The mediation of Turkey and Russia is the best option to stop the Armenia-Azerbaijan Upper Karabakh conflict, and launch negotiations again, according to an Azerbaijani diplomat.
“I think that mediation of Turkey and Russia is the best option to move from the conflict phase to the negotiation phase. Russia also understands this now,” Farid Shafiyev, the head of the Baku-based Center of Analysis of International Relations, told Anadolu Agency.
Emphasizing that Azerbaijan’s stance is based entirely on international law, Shafiyev said his country demands the withdrawal of the occupying forces from its lands, adding that this demand was also mentioned in the four resolutions of the UN Security Council (UNSC) in 1993.
Four UN Security Council resolutions and two from the UN General Assembly as well as international organizations demand the “immediate, complete and unconditional withdrawal of the occupying forces” from the Azerbaijani territory.
“At present, the main aim is to ensure the territorial integrity of Azerbaijan and to pull off the Armenian gangs from the Azerbaijani lands. Turkey and Russia can provide it, of course,” he noted.
Shafiyev, a prominent diplomat who earlier served as Azerbaijan’s ambassador to Canada and to the Czech Republic, said that territorial integrity of Azerbaijan was recognized by the whole world, while Armenia ignored the UNSC resolutions to end the occupation.
Pointing out that Armenia should take first steps to stop the conflict, he recalled that Baku demanded from the Yerevan administration to present a timetable of withdrawal of the invading forces from the occupied territories, adding that in other case it will be “very difficult to stop the clashes.”
He underlined that in order to restart the negotiation process in the Upper Karabakh, other mechanisms are also being discussed besides the Organization for Security and Co-operation in Europe (OSCE) Minsk Group negotiations.
The OSCE Minsk Group – co-chaired by France, Russia, and the US – was formed in 1992 to find a peaceful solution to the conflict, but to no avail. A cease-fire, however, was agreed to in 1994.
Endless territorial claims
“Don’t Armenia and its supporters ever think about the future of this country? Will this country make everlasting territorial claims against Turkey and Azerbaijan?”
Armenia is a country that “poses a threat” in the region and this issue must be resolved, he said, noting that the neighboring countries should assist in “achieving peace” in the region.
“A mechanism should be established in which countries in the region will not claim land against each other,” he said.
The Azerbaijani diplomat reiterated that so far at least 92 civilians lost their lives in artillery and missile attacks on civilian settlements of Azerbaijan by the Armenian army, adding that: “Armenia is committing a war crime. [Azerbaijani cities of] Ganja and Barda are far away from the front. These are deliberate and planned attacks. Armenia used the same tactic in the 1990s.”
On Oct. 28, a deadly missile attack by Armenian forces on Azerbaijani civilian settlements in the city center of Barda left at least 21 people dead, including five women, and wounded 70 people, including eight children and 15 women.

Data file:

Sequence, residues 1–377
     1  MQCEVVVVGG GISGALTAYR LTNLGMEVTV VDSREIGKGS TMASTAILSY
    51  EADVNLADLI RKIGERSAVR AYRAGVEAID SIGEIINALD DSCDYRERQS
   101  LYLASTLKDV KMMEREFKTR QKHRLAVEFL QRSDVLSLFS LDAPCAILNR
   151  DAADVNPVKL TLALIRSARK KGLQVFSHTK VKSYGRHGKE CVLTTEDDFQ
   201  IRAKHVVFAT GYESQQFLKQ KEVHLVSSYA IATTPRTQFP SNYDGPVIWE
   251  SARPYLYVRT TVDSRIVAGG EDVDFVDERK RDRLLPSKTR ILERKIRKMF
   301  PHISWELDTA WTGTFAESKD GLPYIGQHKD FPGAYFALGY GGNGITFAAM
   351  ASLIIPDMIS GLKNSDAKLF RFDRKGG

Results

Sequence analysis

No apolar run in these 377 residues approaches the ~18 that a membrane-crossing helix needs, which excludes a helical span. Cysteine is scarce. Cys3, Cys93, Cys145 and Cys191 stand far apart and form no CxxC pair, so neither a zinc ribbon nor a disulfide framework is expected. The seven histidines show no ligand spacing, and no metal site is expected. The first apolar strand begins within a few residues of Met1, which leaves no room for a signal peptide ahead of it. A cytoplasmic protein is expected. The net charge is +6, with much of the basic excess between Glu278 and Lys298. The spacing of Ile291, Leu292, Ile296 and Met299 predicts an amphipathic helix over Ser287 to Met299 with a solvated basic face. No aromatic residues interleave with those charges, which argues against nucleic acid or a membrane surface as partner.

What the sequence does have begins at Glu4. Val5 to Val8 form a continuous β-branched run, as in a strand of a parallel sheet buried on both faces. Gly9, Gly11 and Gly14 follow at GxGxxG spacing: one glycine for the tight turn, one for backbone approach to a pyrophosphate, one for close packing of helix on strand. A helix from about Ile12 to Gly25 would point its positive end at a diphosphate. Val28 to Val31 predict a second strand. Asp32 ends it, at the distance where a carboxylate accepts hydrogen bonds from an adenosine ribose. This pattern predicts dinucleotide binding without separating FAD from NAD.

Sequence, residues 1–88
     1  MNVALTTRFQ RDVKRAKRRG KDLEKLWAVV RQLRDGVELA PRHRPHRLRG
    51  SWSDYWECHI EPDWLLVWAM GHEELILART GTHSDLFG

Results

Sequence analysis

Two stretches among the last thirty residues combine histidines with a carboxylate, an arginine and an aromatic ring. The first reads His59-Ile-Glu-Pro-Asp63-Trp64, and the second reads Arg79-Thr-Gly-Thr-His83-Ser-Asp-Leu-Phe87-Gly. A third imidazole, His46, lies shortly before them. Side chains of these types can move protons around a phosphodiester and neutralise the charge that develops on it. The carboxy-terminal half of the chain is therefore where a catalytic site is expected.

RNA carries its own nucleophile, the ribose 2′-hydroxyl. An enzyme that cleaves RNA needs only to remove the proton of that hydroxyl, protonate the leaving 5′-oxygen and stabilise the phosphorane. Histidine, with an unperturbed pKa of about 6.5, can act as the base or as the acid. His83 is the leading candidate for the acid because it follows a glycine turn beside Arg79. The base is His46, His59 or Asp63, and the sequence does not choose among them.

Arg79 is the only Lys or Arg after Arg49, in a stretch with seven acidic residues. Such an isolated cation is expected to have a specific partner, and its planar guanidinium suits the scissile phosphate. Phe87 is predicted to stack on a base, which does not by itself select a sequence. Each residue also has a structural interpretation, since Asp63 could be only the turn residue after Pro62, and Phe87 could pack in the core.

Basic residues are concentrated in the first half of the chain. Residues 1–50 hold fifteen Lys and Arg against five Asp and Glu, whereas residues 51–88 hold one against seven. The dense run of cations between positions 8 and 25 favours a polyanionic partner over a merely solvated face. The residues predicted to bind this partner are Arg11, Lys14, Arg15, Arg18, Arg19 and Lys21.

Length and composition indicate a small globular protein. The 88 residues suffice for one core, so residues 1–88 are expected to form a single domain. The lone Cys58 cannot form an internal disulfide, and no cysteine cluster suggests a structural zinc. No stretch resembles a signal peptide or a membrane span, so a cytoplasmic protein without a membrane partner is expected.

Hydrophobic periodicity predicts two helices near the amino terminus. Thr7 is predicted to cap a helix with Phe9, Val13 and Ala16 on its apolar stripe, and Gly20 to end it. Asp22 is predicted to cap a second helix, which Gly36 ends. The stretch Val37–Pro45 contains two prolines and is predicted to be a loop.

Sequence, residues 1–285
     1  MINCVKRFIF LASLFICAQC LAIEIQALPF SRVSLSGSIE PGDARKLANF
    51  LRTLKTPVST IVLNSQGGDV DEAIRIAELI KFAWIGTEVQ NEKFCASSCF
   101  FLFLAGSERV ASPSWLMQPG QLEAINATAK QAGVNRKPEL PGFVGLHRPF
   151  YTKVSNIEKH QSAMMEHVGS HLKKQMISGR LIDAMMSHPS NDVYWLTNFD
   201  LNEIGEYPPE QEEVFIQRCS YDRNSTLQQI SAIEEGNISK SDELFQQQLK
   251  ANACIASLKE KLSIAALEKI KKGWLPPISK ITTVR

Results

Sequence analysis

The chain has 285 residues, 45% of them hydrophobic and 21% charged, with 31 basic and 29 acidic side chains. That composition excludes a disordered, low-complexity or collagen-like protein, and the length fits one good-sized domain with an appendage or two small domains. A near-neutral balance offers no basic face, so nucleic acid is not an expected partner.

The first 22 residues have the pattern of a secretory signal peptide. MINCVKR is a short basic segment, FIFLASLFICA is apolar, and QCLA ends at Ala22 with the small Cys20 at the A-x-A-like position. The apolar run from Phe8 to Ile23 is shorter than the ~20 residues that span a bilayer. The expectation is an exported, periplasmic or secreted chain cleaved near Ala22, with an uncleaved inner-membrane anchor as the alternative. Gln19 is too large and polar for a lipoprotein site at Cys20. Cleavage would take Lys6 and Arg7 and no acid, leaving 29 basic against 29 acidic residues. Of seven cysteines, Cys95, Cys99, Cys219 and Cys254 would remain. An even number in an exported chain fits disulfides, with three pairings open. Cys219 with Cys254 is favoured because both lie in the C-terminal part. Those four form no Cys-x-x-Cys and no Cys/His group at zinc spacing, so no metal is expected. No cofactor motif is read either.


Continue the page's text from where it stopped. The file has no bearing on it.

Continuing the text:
The two cluster Smerch missiles, prohibited by international law, were fired around 1 p.m. local time (0900GMT) targeting the densely populated area with commercial establishments in Barda, according to Azerbaijan’s Prosecutor General’s Office.
In two separate missile attacks on Ganja, a major city with half a million people far from the front line, Armenia killed over two dozen civilians, including children, and injured scores of others.
Shafiyev went on to say that Armenian leadership aims to create panic among civilians in Azerbaijan.
“They are defeated on the battlefield, and take their revenge on civilians. This issue should be evaluated on the basis of international law,” he said.
Noting that foreign citizens of Armenian origin and foreign mercenaries are also fighting in the ranks of Armenian forces, Shafiyev stressed that this situation is a “crime” under both Azerbaijani and international law.
Fresh clashes broke out on Sept. 27, and since then, Armenia has repeatedly attacked Azerbaijani civilians and forces, even violating three humanitarian cease-fire agreements since Oct. 10.
To date, at least 92 civilians have lost their lives, including 11 children and infants, and some 404 people, with at least 36 children among them, have been injured in recent attacks by Armenian forces, according to Azerbaijan’s Chief Prosecutor’s Office.
Some 3,064 houses and 100 multi-apartment residential buildings have been destroyed, while 504 civilian facilities have been damaged.
The latest US-brokered temporary humanitarian cease-fire between Azerbaijan and Armenia went into effect on Oct. 26. However, it was short-lived, as only a few minutes after it became effective, Armenian forces again violated the truce.
The first armistice, reached on Oct. 10, was violated within 24 hours as Armenian missile attacks on the Azerbaijani city of Ganja claimed many civilian lives.
Another truce on Oct. 17 was also violated by Armenian troops.
Relations between the two former Soviet republics have been tense since 1991, when the Armenian military occupied Upper Karabakh, or Nagorno-Karabakh, an internationally recognized territory of Azerbaijan, and neighboring regions.
About 20% of Azerbaijan’s territory – including Nagorno-Karabakh and seven adjacent regions – has been under illegal Armenian occupation for nearly three decades.
While world powers have called for a sustainable cease-fire, Turkey has supported Baku’s right to self-defense and demanded the withdrawal of Armenia’s occupying forces.
*Writing by Jeyhun Aliyev in Ankara.
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